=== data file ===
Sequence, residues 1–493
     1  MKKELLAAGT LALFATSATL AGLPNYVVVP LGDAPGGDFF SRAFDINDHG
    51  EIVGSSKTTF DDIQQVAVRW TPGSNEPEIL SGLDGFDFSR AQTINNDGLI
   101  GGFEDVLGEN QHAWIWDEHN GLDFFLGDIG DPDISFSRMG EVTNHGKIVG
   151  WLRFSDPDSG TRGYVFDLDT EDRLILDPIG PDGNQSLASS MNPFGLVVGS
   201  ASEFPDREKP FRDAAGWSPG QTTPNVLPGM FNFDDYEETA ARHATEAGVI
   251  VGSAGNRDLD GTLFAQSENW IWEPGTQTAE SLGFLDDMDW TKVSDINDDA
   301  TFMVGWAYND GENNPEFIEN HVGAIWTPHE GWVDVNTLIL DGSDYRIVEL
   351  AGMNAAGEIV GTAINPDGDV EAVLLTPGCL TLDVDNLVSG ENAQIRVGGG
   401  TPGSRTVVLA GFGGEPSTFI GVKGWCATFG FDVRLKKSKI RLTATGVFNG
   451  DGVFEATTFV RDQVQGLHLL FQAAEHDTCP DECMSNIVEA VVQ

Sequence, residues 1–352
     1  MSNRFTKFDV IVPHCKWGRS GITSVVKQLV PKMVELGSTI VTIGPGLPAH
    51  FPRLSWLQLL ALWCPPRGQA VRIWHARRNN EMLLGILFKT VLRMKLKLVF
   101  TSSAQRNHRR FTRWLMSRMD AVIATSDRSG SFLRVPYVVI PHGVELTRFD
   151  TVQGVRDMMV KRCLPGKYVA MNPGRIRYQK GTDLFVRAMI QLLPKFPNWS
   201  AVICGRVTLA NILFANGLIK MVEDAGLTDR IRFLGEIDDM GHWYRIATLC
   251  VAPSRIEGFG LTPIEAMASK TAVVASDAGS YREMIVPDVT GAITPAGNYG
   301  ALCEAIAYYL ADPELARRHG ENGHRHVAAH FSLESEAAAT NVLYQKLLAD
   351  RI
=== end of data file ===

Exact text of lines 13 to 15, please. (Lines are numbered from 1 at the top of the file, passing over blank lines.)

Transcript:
     1  MSNRFTKFDV IVPHCKWGRS GITSVVKQLV PKMVELGSTI VTIGPGLPAH
    51  FPRLSWLQLL ALWCPPRGQA VRIWHARRNN EMLLGILFKT VLRMKLKLVF
   101  TSSAQRNHRR FTRWLMSRMD AVIATSDRSG SFLRVPYVVI PHGVELTRFD